Nazarok and Rickus were placed under arrest and subsequently charged in federal court with "possession of a firearm by a convicted felon," in violation of 18 U.S.C. App. § 1202(a)(1) (1982). Prior to trial both defendants filed motions to suppress the evidence seized from their persons and their car, and to suppress Nazarok's statement about "hitting" the drug dealer.
The district court concluded that the initial stop and the search of the passenger compartment were both lawful, and that the evidence obtained therefrom would not be suppressed. It ordered that Nazarok's statement about "hitting" a drug dealer be suppressed after concluding that it was the result of a custodial interrogation which took place prior to giving Nazarok his Miranda warning. Finally, it determined that Pennsylvania law governed the validity of the warrantless search of the car's trunk and that under Pennsylvania law there was not probable cause to search the trunk. The court therefore ordered that the evidence seized from the trunk be suppressed.
The Government moved for reconsideration of that part of the order suppressing the evidence seized from the trunk. It specifically requested the court to reconsider its conclusion that Pennsylvania law governed the validity of the search, and urged that the trunk search was permitted by the rule announced in United States v. Ross, 456 U.S. 798, 72 L. Ed. 2d 572, 102 S. Ct. 2157 (1982). In its second Memorandum and Order, the trial court determined that even if federal law applied, the trunk search was unlawful because federal law requires, and the police lacked, probable cause to believe that the trunk itself contained contraband or evidence of a crime, 570 F. Supp. 1235.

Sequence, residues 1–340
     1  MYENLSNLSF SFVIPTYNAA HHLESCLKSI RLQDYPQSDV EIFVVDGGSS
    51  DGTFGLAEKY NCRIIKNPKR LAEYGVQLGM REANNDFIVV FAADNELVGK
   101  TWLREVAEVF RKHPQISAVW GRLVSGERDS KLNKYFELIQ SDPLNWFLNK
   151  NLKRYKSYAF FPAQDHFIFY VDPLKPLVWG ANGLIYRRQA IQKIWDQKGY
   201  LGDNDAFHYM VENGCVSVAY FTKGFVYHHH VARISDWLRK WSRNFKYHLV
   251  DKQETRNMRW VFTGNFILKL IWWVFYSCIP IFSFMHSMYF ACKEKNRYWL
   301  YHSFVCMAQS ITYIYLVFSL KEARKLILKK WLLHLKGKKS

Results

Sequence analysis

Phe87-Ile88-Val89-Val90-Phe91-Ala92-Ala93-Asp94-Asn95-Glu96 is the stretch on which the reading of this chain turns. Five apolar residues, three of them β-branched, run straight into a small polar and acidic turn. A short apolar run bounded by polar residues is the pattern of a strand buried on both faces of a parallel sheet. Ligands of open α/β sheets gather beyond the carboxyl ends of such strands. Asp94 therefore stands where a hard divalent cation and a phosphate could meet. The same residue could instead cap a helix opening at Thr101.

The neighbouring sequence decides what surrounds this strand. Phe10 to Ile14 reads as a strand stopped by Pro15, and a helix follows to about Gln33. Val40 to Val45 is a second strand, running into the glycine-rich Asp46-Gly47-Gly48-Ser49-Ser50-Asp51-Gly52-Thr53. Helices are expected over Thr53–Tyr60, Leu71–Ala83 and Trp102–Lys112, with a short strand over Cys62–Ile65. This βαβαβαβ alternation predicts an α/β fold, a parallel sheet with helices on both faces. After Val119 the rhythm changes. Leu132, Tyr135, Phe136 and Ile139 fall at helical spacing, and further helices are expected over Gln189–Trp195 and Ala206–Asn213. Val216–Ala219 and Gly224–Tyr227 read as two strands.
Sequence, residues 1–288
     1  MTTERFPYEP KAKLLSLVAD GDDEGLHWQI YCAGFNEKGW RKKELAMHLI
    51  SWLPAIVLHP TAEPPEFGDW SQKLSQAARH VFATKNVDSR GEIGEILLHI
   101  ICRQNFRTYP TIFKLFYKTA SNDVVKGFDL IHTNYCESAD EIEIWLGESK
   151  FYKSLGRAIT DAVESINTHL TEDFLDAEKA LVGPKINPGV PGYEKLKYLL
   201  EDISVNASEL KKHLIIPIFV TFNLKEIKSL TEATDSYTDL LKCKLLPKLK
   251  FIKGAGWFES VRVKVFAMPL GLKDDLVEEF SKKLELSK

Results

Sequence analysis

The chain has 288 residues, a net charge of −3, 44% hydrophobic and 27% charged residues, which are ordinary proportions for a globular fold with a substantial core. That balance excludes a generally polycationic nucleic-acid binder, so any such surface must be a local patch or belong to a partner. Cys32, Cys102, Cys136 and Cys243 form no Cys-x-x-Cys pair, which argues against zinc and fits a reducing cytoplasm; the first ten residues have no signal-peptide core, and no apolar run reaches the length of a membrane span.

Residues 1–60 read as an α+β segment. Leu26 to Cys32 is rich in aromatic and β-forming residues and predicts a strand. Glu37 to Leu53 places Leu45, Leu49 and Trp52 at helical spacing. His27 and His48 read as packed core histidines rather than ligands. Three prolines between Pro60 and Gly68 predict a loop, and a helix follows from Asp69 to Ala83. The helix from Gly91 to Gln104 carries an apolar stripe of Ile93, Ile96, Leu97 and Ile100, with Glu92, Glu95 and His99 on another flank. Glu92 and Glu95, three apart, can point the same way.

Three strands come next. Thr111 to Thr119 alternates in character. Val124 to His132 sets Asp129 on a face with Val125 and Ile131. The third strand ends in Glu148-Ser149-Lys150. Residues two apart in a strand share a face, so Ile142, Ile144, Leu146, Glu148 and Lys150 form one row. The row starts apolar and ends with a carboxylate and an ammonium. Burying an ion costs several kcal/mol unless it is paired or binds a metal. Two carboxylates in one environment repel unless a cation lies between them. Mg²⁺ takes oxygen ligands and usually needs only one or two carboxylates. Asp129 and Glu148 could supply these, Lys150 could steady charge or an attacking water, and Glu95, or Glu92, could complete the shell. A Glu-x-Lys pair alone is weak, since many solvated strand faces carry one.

In this appeal, the Government argues that federal law governs the validity of the trunk search, and that this search was valid under federal law. Specifically, it argues that under the rule announced in Ross, the police did not need to believe that the trunk itself, as opposed to the car as a whole, contained contraband. We agree. We will therefore reverse that portion of the district court's order suppressing the evidence found in the trunk.
II. The Applicable Law